Fed managers look to innovation despite tightening budgets
- By Frank Konkel
- Apr 09, 2013
A bleak budget outlook has many federal IT managers dreading the near future, but some are using this penny-pinching time as an opportunity to innovate.
According to a new MeriTalk study titled "Innovators Anonymous," 96 percent of federal managers see lower budgets hurting mission performance, and more than half have seen negative impacts to programs they consider integral to their agencies' success. (Download the report.)
And with close to three in four of the more than 200 agency managers surveyed reporting that they expect their budgets to be in worse shape by 2015, more than half have responded by ceasing to hire, cutting services and reducing federal employees.
Yet 20 percent of federal managers say they are banking on innovation, looking outside the Beltway bubble to explore new service delivery methods and alternative funding methods for their programs. In fact, these innovation-driven individuals spend almost one-third of their time "trying to get their agency to operate or look at things differently."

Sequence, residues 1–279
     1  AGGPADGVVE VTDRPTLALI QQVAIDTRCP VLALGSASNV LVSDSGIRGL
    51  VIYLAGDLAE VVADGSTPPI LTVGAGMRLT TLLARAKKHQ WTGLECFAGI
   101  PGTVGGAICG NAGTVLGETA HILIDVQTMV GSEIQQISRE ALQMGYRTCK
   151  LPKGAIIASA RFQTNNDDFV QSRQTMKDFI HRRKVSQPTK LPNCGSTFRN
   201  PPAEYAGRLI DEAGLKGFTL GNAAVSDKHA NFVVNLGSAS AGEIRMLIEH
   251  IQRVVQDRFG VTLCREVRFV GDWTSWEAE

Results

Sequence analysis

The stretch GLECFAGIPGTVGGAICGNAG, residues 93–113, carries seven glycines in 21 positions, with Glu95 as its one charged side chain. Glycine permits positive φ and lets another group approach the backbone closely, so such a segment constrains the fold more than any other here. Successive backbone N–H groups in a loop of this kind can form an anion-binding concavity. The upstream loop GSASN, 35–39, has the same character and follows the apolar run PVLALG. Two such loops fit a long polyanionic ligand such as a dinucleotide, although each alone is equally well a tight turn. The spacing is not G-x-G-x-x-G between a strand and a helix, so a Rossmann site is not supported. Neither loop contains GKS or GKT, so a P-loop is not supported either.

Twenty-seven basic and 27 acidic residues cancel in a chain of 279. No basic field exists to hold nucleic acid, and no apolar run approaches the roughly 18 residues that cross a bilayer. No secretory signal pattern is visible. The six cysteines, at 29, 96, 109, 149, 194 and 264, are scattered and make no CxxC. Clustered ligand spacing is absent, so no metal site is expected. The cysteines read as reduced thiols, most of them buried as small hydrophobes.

Federal managers say they have experienced the effects of budget cuts already. (MeriTalk graphic)
"Agencies are finding it increasingly difficult to do more with less and many believe their only choice is to do less with less," said Robert Knapp, Chief Operating Officer of NIC, which sponsored the study.
"Federal innovators get that there is a better way to deliver services to citizens, and that some of those approaches are win-win for the agency win-win and for the businesses and citizens they serve," Knapp said. "Budget cuts are real and so is no-cost funding."
About one-third of federal managers surveyed said they're looking at alternative funding approaches like a "no-cost system," in which development costs are offset by payments from businesses and citizens that use the revamped systems. Those managers identifying themselves as innovators said they believe 25 percent of agency budgets could be addressed by this kind of alternative funding approach, the study stated.
Still, implementing outside-the-box approaches isn't likely to be easy, as 73 percent of innovative managers said the most resistance to innovative solutions will come from agency leadership. Of those surveyed, 63 percent felt Congress would be a big obstacle to innovative success, with resistance to fees, limited best practices and legal departments charting in at 47, 45 and 32 percent, respectively.
Frank Konkel is a staff writer covering big data, mobile, open government and a range of science/technology issues. Connect with him on Twitter at @Frank_Konkel.